People will inevitably ask why, if Bo ‘violated party discipline’ over a 20-year period, it took the regime until now to stop him? And, in what respect were his actions more or less dictatorial than other CCP officials? As liberal historian, Yuan Weishi, said: “Why has he been engaged in evil for so long and what on earth nurtures that behaviour?” Bo has been blamed for poor judgment in his choice of police chief Wang, whose flight to the US consulate in Chengdu triggered Bo’s downfall. But, as activist lawyer Liu Xiaoyuan commented, in a microblog post: “Bo Xilai failed in his oversight of Wang Lijun, so who failed to oversee Bo?”
The regime is moving into unchartered territory with these attacks. They could trigger protests from Bo’s supporters but also from opponents who doubt the regime’s sincerity or ability to deal with corruption and power ‘abuses’. The deadlock over Bo’s fate, and the delay of the party congress, underline the seriousness of this move and the risks it can incur. In addition to enjoying the protection of fellow princelings, Bo built up considerable support outside the CCP and also in the armed forces, to a degree that arguably no other leading CCP figure can match.
“Bo’s case is unprecedented [as] he apparently has much greater clout than Chen Liangyu [former Shanghai party boss, jailed for corruption] and Chen Xitong [former Beijing party boss, jailed for corruption]”, noted Yuan Weishi, referring to the two most senior cases of official corruption over the past two decades.
The murder trial of Gu Kalai
THIS REPRESENTS A complete turnaround since the trial in August of Gu Kalai, Bo’s wife, who received a suspended death sentence after confessing to the murder of British businessman Neil Heywood. Gu’s one-day, stage-managed trial omitted any mention of Bo. Now, we read in Xinhua that Bo bore a “major responsibility” for the murder of Heywood! Similarly, Gu’s trial played down the issue of corruption, despite it being widely known that Heywood was a money-launderer for the Bo family, and was killed over a dispute with Gu after a multi-million dollar business deal went sour.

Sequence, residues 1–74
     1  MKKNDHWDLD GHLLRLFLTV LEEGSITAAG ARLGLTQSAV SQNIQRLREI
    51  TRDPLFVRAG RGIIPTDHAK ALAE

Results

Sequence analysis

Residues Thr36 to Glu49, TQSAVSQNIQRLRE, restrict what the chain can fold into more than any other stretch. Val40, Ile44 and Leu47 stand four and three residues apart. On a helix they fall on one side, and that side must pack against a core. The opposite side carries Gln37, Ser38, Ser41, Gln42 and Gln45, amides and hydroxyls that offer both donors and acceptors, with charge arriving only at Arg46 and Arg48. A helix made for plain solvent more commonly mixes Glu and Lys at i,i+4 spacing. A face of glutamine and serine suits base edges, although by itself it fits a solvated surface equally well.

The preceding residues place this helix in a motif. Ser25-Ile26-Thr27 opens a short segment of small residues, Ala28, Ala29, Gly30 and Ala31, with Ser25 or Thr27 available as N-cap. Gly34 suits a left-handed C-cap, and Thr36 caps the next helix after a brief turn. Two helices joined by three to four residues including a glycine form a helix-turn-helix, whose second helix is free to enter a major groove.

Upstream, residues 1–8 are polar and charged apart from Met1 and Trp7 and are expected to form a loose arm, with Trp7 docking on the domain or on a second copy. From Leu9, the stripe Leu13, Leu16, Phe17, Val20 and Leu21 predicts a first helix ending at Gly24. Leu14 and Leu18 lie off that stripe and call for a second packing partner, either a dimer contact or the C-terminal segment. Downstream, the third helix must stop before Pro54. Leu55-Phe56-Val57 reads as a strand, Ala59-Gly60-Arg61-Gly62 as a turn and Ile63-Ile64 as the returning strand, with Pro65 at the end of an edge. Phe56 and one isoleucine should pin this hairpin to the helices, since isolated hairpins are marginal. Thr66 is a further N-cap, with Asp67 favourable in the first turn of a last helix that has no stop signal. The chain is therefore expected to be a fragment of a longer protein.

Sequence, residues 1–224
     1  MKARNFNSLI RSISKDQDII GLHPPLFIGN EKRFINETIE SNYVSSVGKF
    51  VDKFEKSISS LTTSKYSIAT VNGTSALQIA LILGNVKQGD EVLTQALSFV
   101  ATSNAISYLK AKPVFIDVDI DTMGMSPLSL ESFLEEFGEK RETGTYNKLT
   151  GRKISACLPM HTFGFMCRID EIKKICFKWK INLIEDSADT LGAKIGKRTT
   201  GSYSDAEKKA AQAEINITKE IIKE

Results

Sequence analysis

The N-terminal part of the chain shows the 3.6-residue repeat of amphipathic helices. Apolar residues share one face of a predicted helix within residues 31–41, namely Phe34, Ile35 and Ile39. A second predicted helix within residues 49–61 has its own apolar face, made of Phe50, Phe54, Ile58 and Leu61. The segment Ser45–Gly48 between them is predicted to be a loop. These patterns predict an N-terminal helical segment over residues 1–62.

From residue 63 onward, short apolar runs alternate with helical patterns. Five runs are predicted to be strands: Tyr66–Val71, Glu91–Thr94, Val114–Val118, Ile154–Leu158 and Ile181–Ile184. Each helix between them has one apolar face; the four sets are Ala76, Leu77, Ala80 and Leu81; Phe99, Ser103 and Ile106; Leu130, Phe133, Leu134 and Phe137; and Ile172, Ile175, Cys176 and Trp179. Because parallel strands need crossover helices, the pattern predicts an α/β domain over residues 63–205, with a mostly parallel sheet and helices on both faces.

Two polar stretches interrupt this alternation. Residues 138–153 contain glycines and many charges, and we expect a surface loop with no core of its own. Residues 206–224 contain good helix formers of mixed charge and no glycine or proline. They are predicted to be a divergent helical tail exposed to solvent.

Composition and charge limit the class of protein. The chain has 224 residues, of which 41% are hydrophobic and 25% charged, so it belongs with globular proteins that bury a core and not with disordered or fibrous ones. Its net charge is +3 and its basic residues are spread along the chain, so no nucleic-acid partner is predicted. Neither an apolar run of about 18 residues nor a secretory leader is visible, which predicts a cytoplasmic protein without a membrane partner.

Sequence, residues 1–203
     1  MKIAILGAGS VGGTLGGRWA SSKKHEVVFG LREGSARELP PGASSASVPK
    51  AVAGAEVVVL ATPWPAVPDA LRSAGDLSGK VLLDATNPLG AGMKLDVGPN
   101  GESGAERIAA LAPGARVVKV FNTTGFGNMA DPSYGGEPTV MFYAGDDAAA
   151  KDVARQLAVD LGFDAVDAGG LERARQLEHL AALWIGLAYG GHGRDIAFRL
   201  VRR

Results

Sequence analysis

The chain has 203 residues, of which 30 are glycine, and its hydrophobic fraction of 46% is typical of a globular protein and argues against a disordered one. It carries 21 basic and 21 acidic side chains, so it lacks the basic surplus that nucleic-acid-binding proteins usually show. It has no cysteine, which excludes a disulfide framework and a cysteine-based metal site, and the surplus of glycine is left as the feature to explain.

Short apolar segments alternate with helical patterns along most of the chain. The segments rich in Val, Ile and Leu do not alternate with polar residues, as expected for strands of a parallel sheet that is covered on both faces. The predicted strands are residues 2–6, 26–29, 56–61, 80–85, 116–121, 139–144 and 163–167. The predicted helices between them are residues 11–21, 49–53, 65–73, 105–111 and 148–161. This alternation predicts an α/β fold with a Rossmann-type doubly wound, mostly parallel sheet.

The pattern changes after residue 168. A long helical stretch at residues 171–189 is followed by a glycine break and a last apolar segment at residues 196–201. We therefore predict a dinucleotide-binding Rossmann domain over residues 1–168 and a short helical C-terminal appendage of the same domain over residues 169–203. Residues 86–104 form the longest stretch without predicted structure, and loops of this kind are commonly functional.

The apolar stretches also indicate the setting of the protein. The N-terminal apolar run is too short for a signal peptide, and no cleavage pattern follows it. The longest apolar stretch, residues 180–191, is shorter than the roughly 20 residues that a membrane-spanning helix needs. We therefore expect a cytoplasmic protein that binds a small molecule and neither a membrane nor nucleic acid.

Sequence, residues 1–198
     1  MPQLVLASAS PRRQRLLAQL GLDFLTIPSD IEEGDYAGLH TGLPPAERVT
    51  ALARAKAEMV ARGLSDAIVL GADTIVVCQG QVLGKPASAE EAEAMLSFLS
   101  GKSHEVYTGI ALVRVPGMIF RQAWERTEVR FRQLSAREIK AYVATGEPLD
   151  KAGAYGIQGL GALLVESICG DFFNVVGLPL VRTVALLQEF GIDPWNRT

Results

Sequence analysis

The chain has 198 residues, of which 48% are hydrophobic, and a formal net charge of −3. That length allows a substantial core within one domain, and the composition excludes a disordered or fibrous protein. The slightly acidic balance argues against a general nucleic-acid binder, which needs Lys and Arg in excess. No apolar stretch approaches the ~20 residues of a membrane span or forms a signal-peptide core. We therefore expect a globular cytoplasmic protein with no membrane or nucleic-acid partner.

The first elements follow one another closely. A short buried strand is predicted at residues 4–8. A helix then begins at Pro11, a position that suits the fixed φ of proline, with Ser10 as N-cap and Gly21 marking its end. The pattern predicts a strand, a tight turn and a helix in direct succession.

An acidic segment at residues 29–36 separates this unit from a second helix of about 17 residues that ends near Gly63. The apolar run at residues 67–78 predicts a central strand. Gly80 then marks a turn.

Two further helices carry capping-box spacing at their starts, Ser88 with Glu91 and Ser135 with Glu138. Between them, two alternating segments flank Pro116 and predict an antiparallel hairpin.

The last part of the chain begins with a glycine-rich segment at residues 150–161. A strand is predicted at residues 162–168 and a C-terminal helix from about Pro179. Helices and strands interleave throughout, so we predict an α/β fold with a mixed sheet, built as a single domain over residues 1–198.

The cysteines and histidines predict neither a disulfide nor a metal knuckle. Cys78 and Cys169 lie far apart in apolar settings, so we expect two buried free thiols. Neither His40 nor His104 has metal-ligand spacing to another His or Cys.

By not naming Bo, Gu’s trial implied he would be spared criminal proceedings, to be dealt with more leniently through the CCP’s own disciplinary channels (shuanggui). This was seen as part of a wider deal among the party tops in the run-up to the party congress. Clearly, things have changed. The shift began with the trial of Wang Lijun in mid-September, which sent the former Chongqing police chief to jail for 15 years – a lenient sentence considering that one of the four indictments was for attempted defection to the US. The official accounts of Wang’s mostly secret trial implicated Bo in the attempted cover-up of Heywood’s murder. Bo was not named, however, with the report referring, instead, to “the Chongqing party committee’s main responsible person at the time”.
We are now told that Bo, “received huge bribes personally and through his family”, (Xinhua, 28 September). Yet, at her trial just two months earlier, no such charge was levelled against Gu Kalai or Bo’s son, Bo Guagua, who is said to be in hiding in the US. Omitting such charges, despite a clear connection to the murder of Heywood, shows the extent to which Gu’s trial was manipulated by the CCP’s leading group for its own interests, which have since changed. The impending trial of Bo Xilai is unlikely to show greater ‘impartiality’ or respect for the ‘rule of law’.
Even the official account of how Heywood was murdered has been cast into doubt, in a blog post (26 September) by Wang Xuemei, one of China’s foremost forensic experts. She has challenged Gu’s scripted confession that she poisoned Heywood with cyanide because this produces unmistakeable symptoms, such as discolouration of the corpse, which would inevitably have been noticed by police forensic experts at the scene. Wang’s post, which was quickly deleted by censors, raised the theory that Heywood may have been suffocated.
Why would the prosecution need to ‘modify’ the method by which Heywood’s life was taken? Possibly to give support to the scenario whereby Gu acted by herself, allegedly in a state of mental instability, rather than simply (and more logically) ordering ‘professionals’ from the security forces under Bo’s control to deal with Heywood.
Similar factual ‘modification’ can be expected at Bo’s trial. Already, in the media’s campaign against him, the allegations of corruption have been conveniently downsized with the figure of 20 million yuan in bribes being cited. This is a conspicuously low figure, especially if this is meant to represent his entire career ‘takings’ over two decades. “As far as I understand, it was far beyond 20 million yuan”, noted Li Zhuang, a lawyer jailed by Bo. “Much more than 200 million, I would say”.
An honest accounting of the Bo family’s plunder would, however, pose serious problems for the CCP regime. The decision to downplay the sums of money involved and to introduce the issue of “improper sexual relations with multiple women” (not a crime in China), represent diversionary manoeuvres on the part of the state and its propaganda machinery. Despite this, many people will rightly conclude that, rather than a ‘bad egg’, Bo was no better or worse when it came to lining his own pocket than other senior officials.